Minimalists, rejoice: the Lite Seat is as pared down as a camp chair can get, a mini version of Therm-a-Rest’s ProLite sleeping pad. It’s a self-inflating, 1.5-inch-thick foam cushion that’s just big enough for your bum (11 by 15 inches) and rolls up small enough to fit in your pocket. And it only weighs three ounces.
Your Gear Guide for On-the-Road Power
The River Bank bridges the gap between a small power bank designed to charge your phone and a large portable generator made to power just about everything. It features two USB-C ports and two USB ports as well as a Qi wireless charging pad, so you can charge a laptop, phone, drone, or even jump-start your car. It holds its charge for up to six months and only weighs two pounds.
All you need to charge your phone are some sticks—that’s the beauty of BioLite’s Campstove 2. It features a powerful burner (10,000 BTUs) that runs thermal energy generated by a small fire. The heat produced also feeds the on-board 2,600 mAh battery, which can store a full phone charge. We dig the LED dashboard that offers real-time info on fire strength and battery level.
This battery is just four inches long and weighs less than three ounces. It only has one USB port but carries 3,350 mAh of power that will charge your phone once on the fly.
This isn’t much bigger than the palm of your hand, but it puts out 350 lumens of light for up to 250 hours. It also serves as a power bank that can charge your smartphone up to four times. There’s an Android and iOS app that enables you to control the light from your phone.
This has a battery capacity of 1,425 watt-hours and the ability to power everything from your mini fridge to your laptop to your camera. It’s incredibly easy to use (there’s an app to control it with your phone and a screen that will give you the estimated run time) and has outputs for every form of power you could think of. At 45 pounds, it isn’t light, but true off-the-grid power has its price.
The Charge 4 is a speaker-and-battery combination, delivering high-quality audio in a portable, waterproof package with 20 hours of playback time. It weighs more than three pounds, so it’s not the lightest speaker on the market, but it also has a 7,500 mAh battery that can charge your phone twice and still leave you with several hours of play time.
The Campo puts you on the ground, but we don’t mind. It has enough padding in its 350-denier Cordura package to shield your rear from small, poking rocks and roots, while adjustable side straps let you fine-tune how deeply you want to recline. We dig how the Campo rolls up easily for storage at the end of the day, not to mention that it can double as a stadium seat or festival chair.
Helinox nails the backpacking camp seat with its Chair Zero, which is light (one pound) and compact enough (collapsing to the size of a Nalgene bottle) to justify taking on multi-day trips but comfortable enough to use while car camping. The shock-cord aluminum poles require minimal setup, and the chair keeps you 11 inches off the ground, not too low to sit down and stand up out of easily.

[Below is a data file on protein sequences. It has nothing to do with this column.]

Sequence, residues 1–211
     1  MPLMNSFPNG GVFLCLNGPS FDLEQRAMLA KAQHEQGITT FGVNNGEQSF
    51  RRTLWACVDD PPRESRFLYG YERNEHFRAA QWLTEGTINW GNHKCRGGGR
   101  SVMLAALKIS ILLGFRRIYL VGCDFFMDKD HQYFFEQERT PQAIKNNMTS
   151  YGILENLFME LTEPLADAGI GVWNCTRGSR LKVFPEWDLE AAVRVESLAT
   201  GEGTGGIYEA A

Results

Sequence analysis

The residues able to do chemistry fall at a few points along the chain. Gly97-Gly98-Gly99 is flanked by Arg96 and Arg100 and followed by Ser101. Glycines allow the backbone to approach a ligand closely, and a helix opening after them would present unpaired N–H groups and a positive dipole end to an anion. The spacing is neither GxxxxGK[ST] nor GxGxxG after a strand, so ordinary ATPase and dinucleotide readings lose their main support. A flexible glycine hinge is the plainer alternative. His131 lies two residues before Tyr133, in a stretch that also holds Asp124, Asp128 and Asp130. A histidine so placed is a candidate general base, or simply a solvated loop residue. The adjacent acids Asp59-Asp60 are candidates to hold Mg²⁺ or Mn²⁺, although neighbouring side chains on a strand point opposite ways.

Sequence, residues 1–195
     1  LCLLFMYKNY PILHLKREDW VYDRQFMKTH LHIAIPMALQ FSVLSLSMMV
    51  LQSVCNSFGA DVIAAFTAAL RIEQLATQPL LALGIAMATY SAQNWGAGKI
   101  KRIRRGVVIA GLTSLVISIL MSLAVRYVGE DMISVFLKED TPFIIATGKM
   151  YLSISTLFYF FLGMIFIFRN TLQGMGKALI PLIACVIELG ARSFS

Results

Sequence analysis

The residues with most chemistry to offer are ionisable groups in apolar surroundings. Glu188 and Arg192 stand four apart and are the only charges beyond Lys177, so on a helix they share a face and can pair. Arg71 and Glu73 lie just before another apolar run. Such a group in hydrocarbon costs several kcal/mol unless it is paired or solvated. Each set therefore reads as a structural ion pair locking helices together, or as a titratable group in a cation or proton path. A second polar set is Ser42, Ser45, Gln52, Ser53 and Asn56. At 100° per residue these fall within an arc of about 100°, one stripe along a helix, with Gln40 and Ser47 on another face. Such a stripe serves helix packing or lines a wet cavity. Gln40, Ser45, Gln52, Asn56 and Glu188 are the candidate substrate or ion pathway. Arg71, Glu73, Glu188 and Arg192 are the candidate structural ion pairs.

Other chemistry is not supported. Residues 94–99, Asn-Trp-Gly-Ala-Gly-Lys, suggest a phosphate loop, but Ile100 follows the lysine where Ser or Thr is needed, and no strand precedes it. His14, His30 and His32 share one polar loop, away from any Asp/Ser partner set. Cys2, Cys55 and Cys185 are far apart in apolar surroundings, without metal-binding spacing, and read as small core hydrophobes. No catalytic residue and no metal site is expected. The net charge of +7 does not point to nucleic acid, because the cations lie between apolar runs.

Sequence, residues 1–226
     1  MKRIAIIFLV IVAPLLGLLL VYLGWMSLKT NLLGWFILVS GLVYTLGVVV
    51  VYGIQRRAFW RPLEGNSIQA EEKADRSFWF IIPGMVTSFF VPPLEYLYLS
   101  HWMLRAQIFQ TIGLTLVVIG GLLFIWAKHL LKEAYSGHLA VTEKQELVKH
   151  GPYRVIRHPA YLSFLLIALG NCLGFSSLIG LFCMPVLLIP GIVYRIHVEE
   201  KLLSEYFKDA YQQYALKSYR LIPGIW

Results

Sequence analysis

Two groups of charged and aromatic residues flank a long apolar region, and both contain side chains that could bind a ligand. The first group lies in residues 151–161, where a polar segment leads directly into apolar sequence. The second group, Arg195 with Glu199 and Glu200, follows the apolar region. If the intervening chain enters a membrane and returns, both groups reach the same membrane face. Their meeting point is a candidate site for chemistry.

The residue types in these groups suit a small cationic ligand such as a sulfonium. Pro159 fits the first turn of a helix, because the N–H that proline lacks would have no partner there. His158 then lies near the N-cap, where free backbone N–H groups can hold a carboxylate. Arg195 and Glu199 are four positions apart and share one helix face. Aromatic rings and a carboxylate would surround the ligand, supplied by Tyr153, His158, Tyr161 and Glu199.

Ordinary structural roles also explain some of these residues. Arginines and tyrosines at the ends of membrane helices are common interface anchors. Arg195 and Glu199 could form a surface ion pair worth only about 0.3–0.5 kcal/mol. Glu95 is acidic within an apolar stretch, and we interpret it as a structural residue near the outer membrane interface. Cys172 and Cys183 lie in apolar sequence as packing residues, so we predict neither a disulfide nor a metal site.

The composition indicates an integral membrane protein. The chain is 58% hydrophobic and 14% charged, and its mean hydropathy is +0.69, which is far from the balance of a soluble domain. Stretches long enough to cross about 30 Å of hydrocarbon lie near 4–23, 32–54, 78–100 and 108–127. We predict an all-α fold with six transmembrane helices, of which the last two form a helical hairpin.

There’s nothing too fancy about the Stowaway—it’s a comfortable, low-profile camp chair that hits the budget price point and rocks a few smart details. The foam-padded armrests and the mesh backing won’t absorb sweat or rain if you leave the chair out in a storm. Also, it’s low enough that you can bring it to a music festival or concert and not piss off the people sitting behind you.
Yeah, it’s expensive. But the Stargaze gives you La-Z-Boy comfort at any car-camping site. It swings and has a high headrest, so you can tilt back and take in the night sky or simply indulge in a quick nap. The armrests are padded, too. The aircraft-grade aluminum frame is light and easy to set up, and a cupholder and stash pocket for your phone or beef jerky round out the luxury features.
Just because you’re car camping doesn’t mean you can’t snuggle. Kelty’s popular love seat is like a camp couch, made from quilted 600-denier polyester and reclined for added comfort. The adjustable armrests have cupholders (a must, really). Be warned: the Discovery ain’t light at 15 pounds, but the added coziness is worth the weight.
Editor Emily Reed praised the Flash Air, describing it as “more like a hanging tent than a traditional hammock.” One of the coolest features is the zippered bug net, which lines the entire hammock body, so you’ll never worry about being bitten at night.
Featured in our roundup of the best bike commuting gear from our 2019 Winter Buyer’s Guide, the Quito is “made from a water-repellent Cordura fabric, with a cinch-top hood flap and water-resistant media pocket.” Simple, sleek, and lightweight, this pack is ideal for commutes or easy days on the trail.
Outside contributor Graham Averill tested the Squamish XL when it debuted and was "impressed by how many features LifeProof was able to squeeze into this slick daypack.” The pack has two weather-resistant tech pockets and a slot for a 15-inch laptop and tablet.
Professional climber Kai Lightner recommends this shoe for beginner climbers “because they’re comfortable (as far as climbing shoes go), have an easy hook-and-loop strap system, and sport a vegan-friendly synthetic upper.” This all-arounder also features an odor-resistant lining to keep the funk at bay.
Our tester Graham Averill highlighted these pants in his review of stylish hiking pants to take from city to trail. The pants have “stretchy spandex where you want it, tougher nylon panels in the high wear areas, and smartly placed mesh vents to keep you from overheating,” he writes.
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